Guns N’ Poses: Altruism gone awry

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It’s been hard to miss the spectacle: The Donald’s two sons and a whole passel of dead African animals. A short video of trophy still shots includes one Son of a Trump holding a knife and an elephant’s tail. The hunt was arranged through Hunting Legends (motto: “Legends are forged in the crucible of Africa’s wild places. The legend within answers to the call of your hunter’s spirit. Don’t just be…be the legend”). Apparently the company is feeling the sting of criticism from legitimate conservationists, given this defensive post. (Sorry, but “The Trumps hunt Africa” page is password protected.)

Trophy hunters routinely attempt to cloak their ego trips in a facade of altruism, claiming that the dollars spent help native communities–and that natives are the beneficiaries of the meat. Said Donald, Jr.: “I can assure you it was not wasteful – the villagers were so happy for the meat which they don’t often get to eat.” He tweeted that the hunts control animal populations and the money spent contributes to conservation. But from the UK Telegraph comes this:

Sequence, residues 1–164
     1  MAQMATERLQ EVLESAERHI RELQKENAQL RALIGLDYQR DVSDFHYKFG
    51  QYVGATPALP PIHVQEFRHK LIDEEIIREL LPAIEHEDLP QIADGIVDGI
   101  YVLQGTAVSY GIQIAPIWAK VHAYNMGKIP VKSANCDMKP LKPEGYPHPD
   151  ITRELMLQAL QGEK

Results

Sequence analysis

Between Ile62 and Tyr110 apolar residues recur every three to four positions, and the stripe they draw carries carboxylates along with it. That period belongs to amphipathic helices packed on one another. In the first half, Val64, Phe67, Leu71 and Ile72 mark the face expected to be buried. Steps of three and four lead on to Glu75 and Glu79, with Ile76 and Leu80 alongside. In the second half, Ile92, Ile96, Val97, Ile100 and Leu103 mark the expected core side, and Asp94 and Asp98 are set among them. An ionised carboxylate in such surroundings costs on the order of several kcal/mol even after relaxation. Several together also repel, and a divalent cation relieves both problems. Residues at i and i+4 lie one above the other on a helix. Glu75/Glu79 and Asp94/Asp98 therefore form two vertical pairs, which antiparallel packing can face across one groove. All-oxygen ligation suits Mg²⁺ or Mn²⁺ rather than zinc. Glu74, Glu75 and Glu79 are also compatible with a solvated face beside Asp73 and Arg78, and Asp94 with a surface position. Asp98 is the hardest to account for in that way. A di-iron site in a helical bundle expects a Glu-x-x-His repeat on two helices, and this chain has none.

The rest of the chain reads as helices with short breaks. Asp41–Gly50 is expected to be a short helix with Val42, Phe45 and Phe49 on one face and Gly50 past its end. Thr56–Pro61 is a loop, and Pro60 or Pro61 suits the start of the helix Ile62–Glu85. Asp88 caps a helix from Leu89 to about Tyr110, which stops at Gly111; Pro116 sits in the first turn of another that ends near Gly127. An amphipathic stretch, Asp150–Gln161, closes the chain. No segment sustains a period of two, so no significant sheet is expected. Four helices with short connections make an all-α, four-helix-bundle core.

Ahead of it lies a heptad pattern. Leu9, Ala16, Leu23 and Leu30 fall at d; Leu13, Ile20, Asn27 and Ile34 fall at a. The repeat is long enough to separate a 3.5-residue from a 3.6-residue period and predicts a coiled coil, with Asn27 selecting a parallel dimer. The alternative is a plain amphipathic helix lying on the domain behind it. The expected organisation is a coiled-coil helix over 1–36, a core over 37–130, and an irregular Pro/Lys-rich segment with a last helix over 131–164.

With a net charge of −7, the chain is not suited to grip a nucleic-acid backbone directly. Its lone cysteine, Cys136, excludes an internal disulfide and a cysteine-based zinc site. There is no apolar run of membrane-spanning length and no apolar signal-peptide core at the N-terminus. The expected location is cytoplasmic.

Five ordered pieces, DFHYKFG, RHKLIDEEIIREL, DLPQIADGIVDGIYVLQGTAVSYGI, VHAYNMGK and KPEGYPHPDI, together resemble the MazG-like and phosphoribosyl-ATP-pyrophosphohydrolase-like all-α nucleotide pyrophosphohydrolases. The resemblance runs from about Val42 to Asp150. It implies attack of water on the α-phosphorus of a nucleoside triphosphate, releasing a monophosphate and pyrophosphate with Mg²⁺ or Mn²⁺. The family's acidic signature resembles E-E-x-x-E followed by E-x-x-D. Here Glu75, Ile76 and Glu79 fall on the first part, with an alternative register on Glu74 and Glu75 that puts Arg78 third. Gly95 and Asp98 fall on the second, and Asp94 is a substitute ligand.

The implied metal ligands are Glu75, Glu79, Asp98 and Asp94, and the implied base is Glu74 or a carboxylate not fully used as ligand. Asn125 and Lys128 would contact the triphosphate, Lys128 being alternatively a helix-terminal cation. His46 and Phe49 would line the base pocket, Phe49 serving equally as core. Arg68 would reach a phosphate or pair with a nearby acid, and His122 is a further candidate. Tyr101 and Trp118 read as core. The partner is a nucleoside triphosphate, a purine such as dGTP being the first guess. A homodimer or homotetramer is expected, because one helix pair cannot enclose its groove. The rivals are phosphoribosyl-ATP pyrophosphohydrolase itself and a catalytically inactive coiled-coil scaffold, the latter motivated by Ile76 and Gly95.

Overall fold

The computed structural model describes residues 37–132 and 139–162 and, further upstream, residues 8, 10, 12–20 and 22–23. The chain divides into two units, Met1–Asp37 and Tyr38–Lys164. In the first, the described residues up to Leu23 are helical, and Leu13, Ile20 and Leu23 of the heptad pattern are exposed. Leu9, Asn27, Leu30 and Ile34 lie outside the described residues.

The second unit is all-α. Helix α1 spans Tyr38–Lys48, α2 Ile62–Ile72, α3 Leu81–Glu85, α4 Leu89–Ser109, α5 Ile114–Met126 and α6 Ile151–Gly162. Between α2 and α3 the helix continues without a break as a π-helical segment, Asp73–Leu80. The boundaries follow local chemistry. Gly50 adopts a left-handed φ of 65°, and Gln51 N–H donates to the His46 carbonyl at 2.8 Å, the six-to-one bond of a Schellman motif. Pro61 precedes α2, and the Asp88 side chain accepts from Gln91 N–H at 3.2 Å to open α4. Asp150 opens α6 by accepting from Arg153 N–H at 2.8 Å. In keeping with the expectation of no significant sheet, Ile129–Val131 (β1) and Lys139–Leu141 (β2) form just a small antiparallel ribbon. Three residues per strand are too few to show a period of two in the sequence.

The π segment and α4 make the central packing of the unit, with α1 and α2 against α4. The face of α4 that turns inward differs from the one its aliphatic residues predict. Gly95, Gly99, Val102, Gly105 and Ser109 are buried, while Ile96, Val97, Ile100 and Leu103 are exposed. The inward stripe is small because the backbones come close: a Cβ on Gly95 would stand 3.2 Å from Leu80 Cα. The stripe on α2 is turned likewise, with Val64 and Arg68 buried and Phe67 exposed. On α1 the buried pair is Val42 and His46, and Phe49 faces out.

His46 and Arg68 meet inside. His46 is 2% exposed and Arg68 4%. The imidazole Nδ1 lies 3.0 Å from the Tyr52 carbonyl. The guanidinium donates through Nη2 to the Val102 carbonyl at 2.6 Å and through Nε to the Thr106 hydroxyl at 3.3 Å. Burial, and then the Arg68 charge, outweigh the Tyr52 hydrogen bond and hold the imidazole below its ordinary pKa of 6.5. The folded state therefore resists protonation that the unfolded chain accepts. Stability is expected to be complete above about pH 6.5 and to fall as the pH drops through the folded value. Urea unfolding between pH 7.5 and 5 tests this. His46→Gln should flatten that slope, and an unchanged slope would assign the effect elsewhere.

Matthew Scully, in his excellent book Dominion: the Power of Man, the Suffering of Animals, and the Call to Mercy, offers up a scathing chapter on Safari Club International (SCI) and its mission of altruism, suggesting that trophy hunters need “to feel themselves a part of some grand and glorious purpose beyond mere butchery,” a need he attributes to Theodore Roosevelt:

SCI goes so far as to claim that African wildlife is of value to humans only because hunters have “created” that value!

“THERE ARE ETHICAL HUNTERS OUT HERE – BELIEVE IT OR NOT,” claims Hunting Legends at the aforementioned post. “Yes, we even hunt elephant. Elephant which are destroying their own habitat and killing themselves. If not controlled these very same elephants would have absolutely nothing to eat. They are destroying themselves, only because their (sic) are to (sic) many of them!”

What do overcrowded, underfunded Zimbabwean prisons have to do with wild pachyderms? Just last year the government suggested feeding elephant meat to prisoners, reinforcing the notion of elephant overpopulation, placing their numbers at 100,000. Conservationists dispute this number, claiming fewer than 35,000 elephants remain and that a state-sponsored cull would be misguided.

To understand the political and social climate in which Zimbabweans are attempting to protect animals, visit the task force website. The home page is titled “Zimbabwe’s Tragedy.” You’ll see why. It’s an uphill battle with numerous fronts, and likely no one is looking to “be the legend.” In this case, genuine altruism comes not from the barrel of a gun but from a strong backbone, a courageous voice, and the intestinal fortitude to stand up for animals against overwhelming odds.

This post also appears at animal law blog Animal Blawg, where comments are accepted.

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